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Actively Investing for Dividend Growth

U.S. Equities
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looking at the road ahead investing for dividend growth

Why Focus on Dividend Growth?

Dividend growth signals the financial strength of a company and shows that a company has sufficient earnings to support dividend increases. It demonstrates that management is confident enough about future cash flows and business success to share current prosperity with its shareholders. As companies become more profitable, they share more of their earnings in dividends. Historical studies have shown that dividend growers and dividend initiators have been the best-performing stocks among all equities. Actively investing in companies that pay dividends may provide a significant source of total return. 

Dividend income is only one component of total return and equity prices can go down in value. Common stocks do not assure dividend payments. Dividends are paid only when declared by an issuer’s board of directors and the amount of any dividend may vary over time. There is no guarantee that this investment strategy will work under all market conditions, and each investor should evaluate their ability to invest for a long-term, especially during periods of downturn in the market.

Advantages of Dividends

Stock prices may fluctuate, but dividend payments are always positive. As the chart below illustrates, an investment of $1,000 in a simulation of the S&P 500 Index at the end of 1925 generated price appreciation of more than $196,000 over the succeeding 93 years. The real power of the investment came through reinvesting dividends over time which produced more than $7 million of additional wealth over price appreciation alone in this illustration. 

The impact of inflation over such a long period is pronounced as it takes over $14,000 to buy the same amount of goods that $1,000 bought in 1925. In other words, a dollar in 1925 is worth less than 7 cents today according to the hypothetical illustration. 

How Much Difference Would Reinvested Dividends Have Made In This Hypothetical Example?
1926 - 2018

how much difference would reinvested dividends have made chart from 1926- 2018 

S&P 500 Index Total Return (TR) includes price appreciation or depreciation (Price Return [PR]) and reinvested dividends (Income Return [IR])
S&P 500 Index is a group of widely held stocks which is commonly regarded to be representative of the large-capitalization stock universe. Dividend yield is one component of performance and should not be the only consideration for investment.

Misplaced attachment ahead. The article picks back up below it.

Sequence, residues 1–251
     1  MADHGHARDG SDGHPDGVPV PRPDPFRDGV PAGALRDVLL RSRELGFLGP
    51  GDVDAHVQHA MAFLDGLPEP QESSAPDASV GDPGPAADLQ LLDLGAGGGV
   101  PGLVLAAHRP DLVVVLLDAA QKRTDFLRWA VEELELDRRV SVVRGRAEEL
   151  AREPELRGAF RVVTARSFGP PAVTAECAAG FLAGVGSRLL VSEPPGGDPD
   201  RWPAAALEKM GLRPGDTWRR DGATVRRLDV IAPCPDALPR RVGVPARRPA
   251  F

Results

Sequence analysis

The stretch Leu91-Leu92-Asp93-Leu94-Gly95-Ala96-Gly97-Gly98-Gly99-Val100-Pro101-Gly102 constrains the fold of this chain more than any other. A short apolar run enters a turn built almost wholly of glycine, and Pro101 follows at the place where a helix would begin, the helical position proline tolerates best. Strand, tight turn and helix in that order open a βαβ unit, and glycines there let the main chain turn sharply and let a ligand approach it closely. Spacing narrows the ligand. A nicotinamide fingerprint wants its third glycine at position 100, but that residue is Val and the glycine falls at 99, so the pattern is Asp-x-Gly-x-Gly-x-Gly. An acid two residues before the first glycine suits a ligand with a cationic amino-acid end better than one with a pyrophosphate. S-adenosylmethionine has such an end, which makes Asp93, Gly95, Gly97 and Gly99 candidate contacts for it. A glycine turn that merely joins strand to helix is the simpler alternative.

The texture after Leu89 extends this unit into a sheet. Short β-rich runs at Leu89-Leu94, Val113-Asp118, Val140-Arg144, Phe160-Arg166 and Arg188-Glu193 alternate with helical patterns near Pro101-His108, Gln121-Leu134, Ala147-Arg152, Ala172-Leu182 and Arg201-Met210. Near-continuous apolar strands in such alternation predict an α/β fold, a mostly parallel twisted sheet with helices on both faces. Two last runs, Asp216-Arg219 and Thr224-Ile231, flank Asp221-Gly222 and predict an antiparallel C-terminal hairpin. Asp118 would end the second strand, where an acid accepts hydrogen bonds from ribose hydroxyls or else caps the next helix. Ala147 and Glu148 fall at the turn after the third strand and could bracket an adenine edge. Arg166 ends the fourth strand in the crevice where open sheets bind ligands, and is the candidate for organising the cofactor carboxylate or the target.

Consumer Price Index (CPI): A measure of the average change over time in the prices paid by urban consumers for a market basket of consumer goods and services

Performance data quoted represents past performance, which is no guarantee of future results. Investing in an index is not possible. Unmanaged index returns do not reflect any fees, expenses or sales charges. The investment return and principal value of an investment will fluctuate so that an investor’s shares, when redeemed, may be worth more or less than their original cost. Current performance may be higher or lower than performance data given. The hypothetical results of the indices illustrated do not include the effects of any additional applicable charges which would lower returns. Dividend-paying investments may not experience the same price appreciation as non-dividend paying instruments, dividend-issuing companies may choose not to pay a dividend, or the dividend may be less than what is anticipated.  

Dividend Payers & Growers

As companies become more profitable, they may share more by increasing their dividends. The chart below illustrates a hypothetical example of dividend payers or growers based on a simulation of the S&P 500 Index. This select group of dividend payers and growers has outpaced the hypothetical $1,000 investment in the S&P 500 Index on a total return basis by more than a two-to-one margin over the past 27 years. In fact, the compounded growth of reinvested dividends of this hypothetical model of the Index has exceeded the total return of the S&P 500 Index (and far outperformed the growth of reinvested S&P 500 Index dividends).

Not surprisingly, the performance of the S&P 500 Index versus the Dow Jones U.S. Select Dividend Index was more comparable in the 1990s when price appreciation was a dominant proportion of the S&P 500 Index’s total return. The volatility of the 2000s created an environment where the S&P 500 Index significantly lagged the U.S. Select Dividend Index in spite of severe ups and downs for both indexes.

Dividend Payers/Growers vs. "the Market"
Return on a Hypothetical $1,000 Investment
1991 - 2018

dividend payers versus the market chart from 1991-2018Total Return (TR) includes price appreciation or depreciation (Price Return [PR]) and reinvested dividends (Income Return [IR])
Consumer Price Index (CPI): A measure of the average change over time in the prices paid by urban consumers for a market basket of consumer goods and services

The Dow Jones U.S. Select Dividend Index represents the highest yielding stocks in the Dow Jones U.S. Dividend Index that have: